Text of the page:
384 A.2d at 1189.   Comparing psychiatric commitments to PFAA actions, the Superior Court stated in P.E.S.:

Much like psychiatric commitments, abuse actions are not taken lightly in our Commonwealth, even when such petitions are dismissed.   Commonwealth v. Majeed, 548 Pa. 48, 56 n. 6, 694 A.2d 336, 340 n. 6 (1997) ( “A violation of a [PFAA order] is a violation of the law, a public wrong, punishable by fine, imprisonment, or both.”)   See also 23 Pa.C.S.A. § 6114;  Commonwealth v. Aikins, 422 Pa.Super. 15, 618 A.2d 992 (1993) (Beck, J., dissenting).

720 A.2d at 491.   Furthermore, as Appellant points out, another consequence of maintenance of a PFAA docket record is the possibility that it can be considered by a trial court in any subsequent PFAA proceeding, under 23 Pa.C.S. § 6107(a).8

 We find the Superior Court's reasoning in P.E.S. persuasive and therefore expressly adopt its holding, that there exists a right to petition for expungement of a PFAA record where the petitioner seeks to protect his reputation.   This right is an adjunct of due process and Article I, Section 1 of the Pennsylvania Constitution and is not dependent upon express statutory authority.   This matter is thus not controlled by the maxim expressio unius es exclusio alterius, but instead, by the maxim ubi jus, ibi remedium.9

 Having established that there is a right to petition for expungement of PFAA records, we now turn to Appellant's claims.   The Superior Court distinguished its decision in P.E.S. from the instant case as follows:

Here, unlike in P.E.S. (where no action, be it temporary or final, occurred), action was taken in the form of a temporary [PFAA order], which remained in effect and was continued for forty-one (41) days before becoming the object of the parties' stipulation order.   Further, the temporary [PFAA order] was not the product of illegal activity nor the focus of the appellant's objection either during or after the October 15, 1998 “final order of court”, which provided the appellant with partial custody of the parties' minor-child and continued the temporary [PFAA order] until November 16, 1988.   Such factors distinguish P.E.S. from the case sub judice.

In addition, had the appellant violated the temporary [PFAA order] during its 41-day existence, he would have been subject to arrest on the charge of indirect criminal contempt punishable by a fine up to $1,000 and/or a jail sentence of up to six months.   Consequently, we hold that the unique facts of this case warrant the affirmance of the order denying the appellant's “Motion to Expunge”, even though the [PFAA order] was the object of a stipulation to dismiss between the parties because the matter went beyond the temporary PFA stage.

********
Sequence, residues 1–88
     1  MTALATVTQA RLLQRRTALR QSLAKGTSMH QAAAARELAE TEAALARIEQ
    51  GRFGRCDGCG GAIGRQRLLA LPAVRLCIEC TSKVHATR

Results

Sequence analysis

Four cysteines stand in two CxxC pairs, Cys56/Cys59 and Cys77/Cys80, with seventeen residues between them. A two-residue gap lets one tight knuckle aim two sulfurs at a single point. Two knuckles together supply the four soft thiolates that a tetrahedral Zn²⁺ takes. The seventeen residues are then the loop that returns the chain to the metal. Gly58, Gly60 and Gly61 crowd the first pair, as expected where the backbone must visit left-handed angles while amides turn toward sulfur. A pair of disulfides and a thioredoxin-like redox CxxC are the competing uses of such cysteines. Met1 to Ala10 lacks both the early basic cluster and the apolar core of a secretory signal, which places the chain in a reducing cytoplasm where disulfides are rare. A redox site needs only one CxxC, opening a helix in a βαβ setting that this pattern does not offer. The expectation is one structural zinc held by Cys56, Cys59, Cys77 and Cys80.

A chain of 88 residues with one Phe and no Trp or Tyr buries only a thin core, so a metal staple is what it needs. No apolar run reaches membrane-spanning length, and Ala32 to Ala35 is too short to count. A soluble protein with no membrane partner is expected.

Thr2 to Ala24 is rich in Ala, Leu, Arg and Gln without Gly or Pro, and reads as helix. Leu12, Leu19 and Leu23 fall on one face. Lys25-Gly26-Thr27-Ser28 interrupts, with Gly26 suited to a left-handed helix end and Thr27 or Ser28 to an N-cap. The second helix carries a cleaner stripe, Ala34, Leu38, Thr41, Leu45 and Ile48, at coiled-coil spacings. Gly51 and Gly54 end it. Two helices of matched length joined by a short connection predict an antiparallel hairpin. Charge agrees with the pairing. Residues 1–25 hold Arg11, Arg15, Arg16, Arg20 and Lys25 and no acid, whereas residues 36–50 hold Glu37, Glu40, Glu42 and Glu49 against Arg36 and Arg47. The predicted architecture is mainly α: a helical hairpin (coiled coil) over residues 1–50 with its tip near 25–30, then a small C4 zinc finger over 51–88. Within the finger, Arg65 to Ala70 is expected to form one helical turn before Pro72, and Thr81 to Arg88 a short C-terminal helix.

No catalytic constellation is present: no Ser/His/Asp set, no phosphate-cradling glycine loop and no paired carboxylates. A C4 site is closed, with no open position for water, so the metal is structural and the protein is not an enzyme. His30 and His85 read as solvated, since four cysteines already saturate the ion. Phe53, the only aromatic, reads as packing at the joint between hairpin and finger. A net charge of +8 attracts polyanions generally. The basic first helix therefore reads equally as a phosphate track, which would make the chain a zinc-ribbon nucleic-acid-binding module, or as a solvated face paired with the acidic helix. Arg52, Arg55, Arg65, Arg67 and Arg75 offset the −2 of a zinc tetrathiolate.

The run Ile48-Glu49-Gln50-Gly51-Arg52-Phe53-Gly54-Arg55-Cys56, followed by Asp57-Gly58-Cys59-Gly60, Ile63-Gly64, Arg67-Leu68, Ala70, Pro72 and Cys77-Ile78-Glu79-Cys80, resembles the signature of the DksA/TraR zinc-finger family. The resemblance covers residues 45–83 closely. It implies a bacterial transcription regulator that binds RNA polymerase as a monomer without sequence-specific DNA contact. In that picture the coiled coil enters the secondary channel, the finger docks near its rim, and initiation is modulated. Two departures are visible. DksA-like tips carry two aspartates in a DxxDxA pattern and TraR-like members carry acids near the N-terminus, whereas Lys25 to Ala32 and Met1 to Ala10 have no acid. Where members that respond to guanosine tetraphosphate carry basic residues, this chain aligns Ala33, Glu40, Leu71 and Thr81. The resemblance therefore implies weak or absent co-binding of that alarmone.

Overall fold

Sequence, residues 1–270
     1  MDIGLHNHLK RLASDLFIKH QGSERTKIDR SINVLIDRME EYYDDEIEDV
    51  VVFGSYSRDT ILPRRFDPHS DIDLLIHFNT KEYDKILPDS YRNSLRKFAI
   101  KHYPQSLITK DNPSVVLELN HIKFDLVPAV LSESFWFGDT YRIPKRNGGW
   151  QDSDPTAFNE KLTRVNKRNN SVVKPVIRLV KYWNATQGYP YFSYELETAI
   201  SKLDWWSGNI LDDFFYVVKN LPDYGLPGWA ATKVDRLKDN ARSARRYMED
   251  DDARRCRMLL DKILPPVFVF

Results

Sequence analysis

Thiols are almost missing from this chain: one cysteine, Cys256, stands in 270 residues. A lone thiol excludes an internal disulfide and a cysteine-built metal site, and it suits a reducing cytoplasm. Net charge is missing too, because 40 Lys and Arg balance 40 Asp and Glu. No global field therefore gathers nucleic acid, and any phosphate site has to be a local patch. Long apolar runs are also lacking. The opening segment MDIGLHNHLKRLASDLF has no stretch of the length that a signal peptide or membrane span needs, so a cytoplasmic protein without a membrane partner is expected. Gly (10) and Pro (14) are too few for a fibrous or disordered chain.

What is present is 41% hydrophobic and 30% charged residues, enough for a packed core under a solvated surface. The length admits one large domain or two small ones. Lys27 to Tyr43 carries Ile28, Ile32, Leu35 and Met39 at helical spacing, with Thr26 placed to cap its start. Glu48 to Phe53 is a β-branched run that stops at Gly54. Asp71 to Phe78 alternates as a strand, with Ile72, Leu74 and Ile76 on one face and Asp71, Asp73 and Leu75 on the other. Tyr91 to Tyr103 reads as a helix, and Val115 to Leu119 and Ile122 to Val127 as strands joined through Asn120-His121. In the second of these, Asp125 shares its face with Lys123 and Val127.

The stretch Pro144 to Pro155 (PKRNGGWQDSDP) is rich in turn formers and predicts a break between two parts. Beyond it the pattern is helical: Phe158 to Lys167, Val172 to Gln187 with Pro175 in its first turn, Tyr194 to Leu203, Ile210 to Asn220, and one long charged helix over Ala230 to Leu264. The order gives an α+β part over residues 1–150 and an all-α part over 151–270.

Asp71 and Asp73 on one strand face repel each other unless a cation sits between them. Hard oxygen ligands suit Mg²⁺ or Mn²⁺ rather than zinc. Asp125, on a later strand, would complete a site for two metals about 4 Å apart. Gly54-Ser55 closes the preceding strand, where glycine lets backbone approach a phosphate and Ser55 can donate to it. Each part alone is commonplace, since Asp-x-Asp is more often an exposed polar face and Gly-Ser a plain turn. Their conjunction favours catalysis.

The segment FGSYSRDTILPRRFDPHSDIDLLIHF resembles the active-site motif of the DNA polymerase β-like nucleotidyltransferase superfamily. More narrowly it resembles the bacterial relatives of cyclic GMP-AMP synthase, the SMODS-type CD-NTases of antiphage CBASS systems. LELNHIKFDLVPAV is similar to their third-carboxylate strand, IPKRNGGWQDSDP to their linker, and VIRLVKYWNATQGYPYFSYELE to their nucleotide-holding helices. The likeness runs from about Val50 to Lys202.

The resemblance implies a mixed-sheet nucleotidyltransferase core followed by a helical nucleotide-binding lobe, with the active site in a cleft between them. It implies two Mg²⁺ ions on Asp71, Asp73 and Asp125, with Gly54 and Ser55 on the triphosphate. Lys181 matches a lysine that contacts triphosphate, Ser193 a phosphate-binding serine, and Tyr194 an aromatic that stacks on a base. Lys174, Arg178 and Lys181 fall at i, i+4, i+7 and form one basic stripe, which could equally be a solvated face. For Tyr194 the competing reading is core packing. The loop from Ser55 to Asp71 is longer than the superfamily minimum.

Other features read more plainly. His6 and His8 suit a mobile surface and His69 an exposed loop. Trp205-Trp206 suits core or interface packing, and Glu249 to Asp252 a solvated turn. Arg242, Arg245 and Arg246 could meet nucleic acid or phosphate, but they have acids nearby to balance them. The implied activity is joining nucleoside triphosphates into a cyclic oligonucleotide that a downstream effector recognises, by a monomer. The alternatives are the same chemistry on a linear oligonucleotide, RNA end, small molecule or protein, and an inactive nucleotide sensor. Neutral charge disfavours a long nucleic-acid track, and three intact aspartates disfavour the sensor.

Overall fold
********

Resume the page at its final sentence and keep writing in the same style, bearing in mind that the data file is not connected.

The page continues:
Superior Court memorandum at 5-6 (emphasis in original).

Appellant contends that this is an insufficient basis on which to distinguish P.E.S. from the instant case.   We agree.   That no temporary PFAA order was entered in P.E.S. is of no moment.   In both cases, the PFAA proceedings were discontinued before a hearing at which the plaintiff in each case would have had to meet the burden of proving by a preponderance of the evidence that the allegation of abuse contained in the PFAA petitions had occurred.   As aptly stated by President Judge Emeritus Cercone in his dissenting memorandum:

Despite the passage of time, the [PFAA] proceedings never legally evolved beyond the temporary order stage as the Trial Court merely continued the original temporary order which was issued ex parte.   The Trial Court did not issue a permanent order or make any ․ findings of fact that incidents of abuse had occurred.   The only evidence of abuse which existed of record when the Trial Court continued the temporary order was the Appellee's bald allegations of prior alleged acts of abuse that were contained in her petition, nothing more.